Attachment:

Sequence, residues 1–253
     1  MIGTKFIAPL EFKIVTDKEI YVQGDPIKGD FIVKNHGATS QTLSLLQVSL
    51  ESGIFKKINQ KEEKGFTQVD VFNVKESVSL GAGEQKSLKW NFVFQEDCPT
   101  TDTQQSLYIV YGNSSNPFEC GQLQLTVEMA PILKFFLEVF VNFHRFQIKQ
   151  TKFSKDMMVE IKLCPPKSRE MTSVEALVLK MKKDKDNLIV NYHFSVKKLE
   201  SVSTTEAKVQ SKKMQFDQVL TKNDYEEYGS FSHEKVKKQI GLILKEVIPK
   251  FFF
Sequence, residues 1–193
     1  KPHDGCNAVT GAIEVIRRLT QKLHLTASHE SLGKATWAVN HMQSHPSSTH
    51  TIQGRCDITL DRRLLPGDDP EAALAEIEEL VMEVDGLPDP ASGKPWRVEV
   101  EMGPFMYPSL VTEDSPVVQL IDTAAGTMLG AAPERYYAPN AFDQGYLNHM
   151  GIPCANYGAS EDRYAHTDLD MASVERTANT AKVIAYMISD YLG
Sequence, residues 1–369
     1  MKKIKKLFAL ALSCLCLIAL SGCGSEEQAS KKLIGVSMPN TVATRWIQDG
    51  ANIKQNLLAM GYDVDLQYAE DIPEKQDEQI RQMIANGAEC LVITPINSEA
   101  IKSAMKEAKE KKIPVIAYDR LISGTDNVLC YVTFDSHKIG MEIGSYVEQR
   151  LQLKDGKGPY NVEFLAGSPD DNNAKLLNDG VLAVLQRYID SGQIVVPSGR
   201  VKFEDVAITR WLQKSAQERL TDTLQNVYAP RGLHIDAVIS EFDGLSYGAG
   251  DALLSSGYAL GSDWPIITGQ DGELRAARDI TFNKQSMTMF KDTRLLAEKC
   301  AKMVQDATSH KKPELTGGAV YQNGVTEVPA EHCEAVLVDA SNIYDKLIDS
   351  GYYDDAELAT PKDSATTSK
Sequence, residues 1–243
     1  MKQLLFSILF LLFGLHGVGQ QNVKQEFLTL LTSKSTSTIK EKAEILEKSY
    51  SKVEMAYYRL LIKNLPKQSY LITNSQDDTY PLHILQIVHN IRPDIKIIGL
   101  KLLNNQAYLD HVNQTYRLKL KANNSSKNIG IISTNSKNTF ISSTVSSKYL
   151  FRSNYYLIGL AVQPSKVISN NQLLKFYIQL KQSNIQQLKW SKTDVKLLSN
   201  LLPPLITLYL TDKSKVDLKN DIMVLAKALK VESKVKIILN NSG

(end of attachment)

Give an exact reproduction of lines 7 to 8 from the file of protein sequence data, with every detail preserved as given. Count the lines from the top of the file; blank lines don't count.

   251  FFF
Sequence, residues 1–193